Metal 3D Printer Monitors Its Own Builds

By on January 29th, 2016 in printer

Tags: ,

EOS was on hand at Formnext in Frankfurt, Germany, to emphasize its expertise in industrial 3D printing and its ability to make larger, faster, smaller and higher-quality 3D-printed parts.

EOS Germany has teamed up with a German partner to produce a product that monitors the 3D printing build quality in real time, which, according to the company, will reduce production risks and improve quality.

The EOSTATE MeltPool Monitoring is an add-on module. It monitors the process during direct metal laser-sintering (DMLS) builds. It analyzes the build at each point and each layer, thereby monitoring the build process for each part. 

Given the company’s focus on industrial 3D printing applications and its experience in metal printing, it is not surprising that EOS recognized the need for improved quality processes. Every manufacturing engineer understands the need for a thorough, traceable quality process.  

EOS cooperated with Plasmo Industrietechnik GmbH to develop the process, which directly observes the build process using photodiodes, a camera adapter, a signal amplifier and spectral filters. The physical observation data is analyzed using multiple algorithms and 2D and 3D mappings. 

The quality parameters are set by the user according to production requirements. The tool provides live monitoring and allows customers to identify potential build errors automatically. This reduces quality assurance costs.

At Formnext 2015, EOS also presented the new EOS M 100 3D printer. It enables customers to enter into direct metal 3D printing with an affordable investment.

The new product is based on the technology offered in the EOS M 290, which is already established in the market. The device uses a round print envelope of 100 mm. An example provided on the show floor was the production of 70 dental crowns and bridges in about three hours.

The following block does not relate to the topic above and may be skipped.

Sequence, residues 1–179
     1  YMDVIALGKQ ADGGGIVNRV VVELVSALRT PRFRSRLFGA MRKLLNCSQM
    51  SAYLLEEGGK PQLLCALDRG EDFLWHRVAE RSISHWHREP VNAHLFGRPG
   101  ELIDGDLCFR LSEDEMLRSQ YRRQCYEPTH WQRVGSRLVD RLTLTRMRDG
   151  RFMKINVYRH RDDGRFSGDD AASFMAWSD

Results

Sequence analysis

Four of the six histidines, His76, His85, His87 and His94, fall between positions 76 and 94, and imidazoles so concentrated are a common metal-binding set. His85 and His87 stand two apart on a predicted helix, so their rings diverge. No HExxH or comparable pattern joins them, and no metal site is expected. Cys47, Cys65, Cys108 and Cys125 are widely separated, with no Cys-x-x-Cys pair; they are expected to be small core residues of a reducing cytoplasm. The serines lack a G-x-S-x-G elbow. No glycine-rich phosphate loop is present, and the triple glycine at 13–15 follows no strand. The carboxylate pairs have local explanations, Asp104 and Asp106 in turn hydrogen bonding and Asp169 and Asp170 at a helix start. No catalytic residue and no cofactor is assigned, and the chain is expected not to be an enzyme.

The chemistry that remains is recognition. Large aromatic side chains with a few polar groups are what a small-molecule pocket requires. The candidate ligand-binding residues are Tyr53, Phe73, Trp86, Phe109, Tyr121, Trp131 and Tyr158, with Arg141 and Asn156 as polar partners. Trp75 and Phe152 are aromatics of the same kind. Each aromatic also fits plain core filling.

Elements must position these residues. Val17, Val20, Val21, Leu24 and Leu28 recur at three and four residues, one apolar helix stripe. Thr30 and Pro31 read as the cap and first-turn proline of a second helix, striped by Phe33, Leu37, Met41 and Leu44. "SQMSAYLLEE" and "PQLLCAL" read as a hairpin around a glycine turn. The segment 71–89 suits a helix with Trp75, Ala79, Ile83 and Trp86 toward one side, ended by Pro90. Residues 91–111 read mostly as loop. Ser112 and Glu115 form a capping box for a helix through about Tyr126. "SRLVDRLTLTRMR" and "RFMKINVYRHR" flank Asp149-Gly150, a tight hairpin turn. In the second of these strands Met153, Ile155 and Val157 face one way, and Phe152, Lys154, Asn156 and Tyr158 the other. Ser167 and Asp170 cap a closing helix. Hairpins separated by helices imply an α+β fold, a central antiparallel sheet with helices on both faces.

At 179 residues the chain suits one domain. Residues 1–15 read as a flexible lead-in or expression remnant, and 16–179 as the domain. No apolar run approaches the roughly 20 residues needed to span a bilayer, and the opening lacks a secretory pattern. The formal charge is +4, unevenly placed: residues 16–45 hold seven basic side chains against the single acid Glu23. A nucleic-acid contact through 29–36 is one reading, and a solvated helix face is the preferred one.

The EOS M 100 produces chrome and stainless-steel parts today. It will be able to produce titanium Ti64 parts when the material becomes available in 2016. The company claims that the 200-W fiber laser has a beam quality and stability that allows for consistent quality parts. It combines this with a smaller laser spot that has a very detailed resolution. The combination enables the EOS M 100 to produce small, complex pieces. 

The company has tried to address production requirements by creating peripheral equipment that supports industrial production and minimizes powder contact during production. EOS has developed an efficient recoating and exposure strategy that reduces overhead time in production. The system also has a modular design that facilitates quick setup and dismantling. 

Because the product is based on the EOS M 290 technology, there’s hope that the new EOS M 100 will benefit from the EOSTATE MeltPool Monitoring product as well. 


By provides a variety of news and services to the engineering discipline worldwide and publishes a popular online blog focusing on the art of making in the industrial world.